Monday, 5 April 2010

You say “tomato”, I say “what, in this weather - have you gone insane?”


“Grow cherry tomatoes? In the desert? Why don’t I just go and build a snowman on Sheikh Zayed Road in July, while I’m at it, or put on a sheepskin coat and go hiking in the empty quarter with a giant magnifying glass for a hat?” This was my exasperated and rather childish response when it was suggested to me that I could grow stuff on my balcony in Dubai.

But last summer, while researching a story about an unlikely home gardening craze sparked by Michelle Obama and Queen Elizabeth II (I still can’t quite picture the Queen wading through the turnips in her size-11 Wellington boots, but there you go), I met Zafar Ali Khan, and everything changed.

Khan is the horticulture engineer at Dubai Garden Centre, and he’s a man who knows a thing or two about getting edible things to grow in the harsh desert conditions of the UAE. He assured me it’s quite easy to grow cherry tomatoes, coriander, basil and oregano on my balcony, as long as I give my undivided attention to the plants, keep ‘em watered and resist the temptation to chuck them over the railings and go and buy a load from Spinneys instead.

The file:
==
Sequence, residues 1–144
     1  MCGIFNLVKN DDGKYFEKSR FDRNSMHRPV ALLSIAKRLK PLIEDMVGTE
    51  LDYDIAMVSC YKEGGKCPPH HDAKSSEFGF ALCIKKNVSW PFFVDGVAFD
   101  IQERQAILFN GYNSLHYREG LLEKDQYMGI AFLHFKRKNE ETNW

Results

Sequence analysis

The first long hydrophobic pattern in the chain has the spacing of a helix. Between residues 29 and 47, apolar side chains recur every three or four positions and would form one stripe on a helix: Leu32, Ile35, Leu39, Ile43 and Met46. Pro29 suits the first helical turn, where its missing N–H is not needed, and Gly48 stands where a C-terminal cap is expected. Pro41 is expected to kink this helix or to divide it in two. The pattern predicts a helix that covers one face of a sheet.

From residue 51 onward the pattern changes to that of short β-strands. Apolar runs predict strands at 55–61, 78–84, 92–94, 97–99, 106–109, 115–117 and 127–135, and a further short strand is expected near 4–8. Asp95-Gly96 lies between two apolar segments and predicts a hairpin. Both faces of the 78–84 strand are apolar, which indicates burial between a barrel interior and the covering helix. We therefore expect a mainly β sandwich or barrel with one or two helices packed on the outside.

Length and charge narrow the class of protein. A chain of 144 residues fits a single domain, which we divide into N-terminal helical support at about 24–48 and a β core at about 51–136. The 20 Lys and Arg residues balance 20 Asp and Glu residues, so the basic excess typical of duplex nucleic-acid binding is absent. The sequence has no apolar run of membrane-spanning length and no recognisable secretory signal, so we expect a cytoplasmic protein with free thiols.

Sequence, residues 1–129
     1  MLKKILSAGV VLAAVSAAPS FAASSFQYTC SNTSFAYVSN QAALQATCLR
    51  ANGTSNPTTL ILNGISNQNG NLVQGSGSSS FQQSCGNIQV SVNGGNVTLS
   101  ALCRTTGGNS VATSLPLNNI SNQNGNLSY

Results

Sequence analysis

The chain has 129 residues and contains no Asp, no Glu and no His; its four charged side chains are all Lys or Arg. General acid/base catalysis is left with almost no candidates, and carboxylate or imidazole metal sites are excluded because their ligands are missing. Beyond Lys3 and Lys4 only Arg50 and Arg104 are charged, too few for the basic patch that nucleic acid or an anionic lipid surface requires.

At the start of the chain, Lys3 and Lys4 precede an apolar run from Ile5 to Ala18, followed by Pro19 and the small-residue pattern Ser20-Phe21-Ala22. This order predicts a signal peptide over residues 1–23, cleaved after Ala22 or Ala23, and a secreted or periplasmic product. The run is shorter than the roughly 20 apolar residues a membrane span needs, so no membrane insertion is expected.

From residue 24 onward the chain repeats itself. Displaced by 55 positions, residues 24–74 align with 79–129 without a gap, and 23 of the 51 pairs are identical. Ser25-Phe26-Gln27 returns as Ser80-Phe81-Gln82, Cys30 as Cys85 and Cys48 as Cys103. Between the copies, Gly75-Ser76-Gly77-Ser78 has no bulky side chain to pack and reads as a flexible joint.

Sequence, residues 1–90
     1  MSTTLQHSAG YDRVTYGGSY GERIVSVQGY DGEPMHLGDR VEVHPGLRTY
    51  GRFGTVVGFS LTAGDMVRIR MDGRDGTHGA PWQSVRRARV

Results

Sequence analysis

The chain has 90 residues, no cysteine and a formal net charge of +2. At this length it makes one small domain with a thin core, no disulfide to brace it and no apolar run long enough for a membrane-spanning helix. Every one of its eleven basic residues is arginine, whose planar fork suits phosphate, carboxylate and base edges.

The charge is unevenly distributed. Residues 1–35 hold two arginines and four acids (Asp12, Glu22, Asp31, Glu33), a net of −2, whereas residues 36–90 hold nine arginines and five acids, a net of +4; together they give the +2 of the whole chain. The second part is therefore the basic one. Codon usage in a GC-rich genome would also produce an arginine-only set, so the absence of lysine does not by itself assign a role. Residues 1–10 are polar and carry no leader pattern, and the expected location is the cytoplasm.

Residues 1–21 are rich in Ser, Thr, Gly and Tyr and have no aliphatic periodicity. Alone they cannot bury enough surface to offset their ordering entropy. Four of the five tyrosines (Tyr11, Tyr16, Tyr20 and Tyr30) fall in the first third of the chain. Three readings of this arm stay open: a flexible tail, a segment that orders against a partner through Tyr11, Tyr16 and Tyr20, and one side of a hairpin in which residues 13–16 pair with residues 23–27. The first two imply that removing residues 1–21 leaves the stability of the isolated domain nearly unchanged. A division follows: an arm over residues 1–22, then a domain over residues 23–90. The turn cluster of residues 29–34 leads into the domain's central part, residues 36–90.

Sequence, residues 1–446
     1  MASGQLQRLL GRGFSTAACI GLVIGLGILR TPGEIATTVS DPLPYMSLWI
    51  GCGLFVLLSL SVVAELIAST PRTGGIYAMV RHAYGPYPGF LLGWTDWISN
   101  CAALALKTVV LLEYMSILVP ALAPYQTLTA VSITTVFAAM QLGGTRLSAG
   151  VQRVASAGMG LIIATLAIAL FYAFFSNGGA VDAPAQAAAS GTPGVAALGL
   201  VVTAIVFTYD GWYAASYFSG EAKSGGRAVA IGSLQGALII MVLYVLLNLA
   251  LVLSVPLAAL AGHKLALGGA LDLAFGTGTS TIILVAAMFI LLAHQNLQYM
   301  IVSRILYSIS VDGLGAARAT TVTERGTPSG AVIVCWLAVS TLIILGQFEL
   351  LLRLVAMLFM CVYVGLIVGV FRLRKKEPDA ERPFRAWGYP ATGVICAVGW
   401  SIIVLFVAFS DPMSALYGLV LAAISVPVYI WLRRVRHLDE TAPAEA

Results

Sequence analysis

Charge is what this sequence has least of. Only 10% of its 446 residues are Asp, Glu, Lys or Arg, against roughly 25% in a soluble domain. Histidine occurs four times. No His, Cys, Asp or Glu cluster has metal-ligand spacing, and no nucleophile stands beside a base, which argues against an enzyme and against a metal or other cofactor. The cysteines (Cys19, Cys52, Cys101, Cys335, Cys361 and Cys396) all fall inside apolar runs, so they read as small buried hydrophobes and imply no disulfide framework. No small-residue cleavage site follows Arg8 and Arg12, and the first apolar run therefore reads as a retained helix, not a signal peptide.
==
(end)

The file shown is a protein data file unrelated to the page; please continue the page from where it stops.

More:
So I bought a few packets of Franchi seeds (vigorous determinate bush variety, no less) and a little soil and got cracking. The cherry tomato seeds were not organic, at least I don’t think they were, but since I had little hope of actually getting any tomatoes out of them anyway, I thought I’d give them a go.

One sweltering day last August, I took a handful of seeds and laid them out on some moistened sheets of kitchen tissue, which I placed into a cupboard overnight. I was amazed and excited to see that little white shoots had begun to appear on each seed. Less excited when I realised I’d sprinkled about 60 of them onto the tissue. That’s a lot of tomato plants.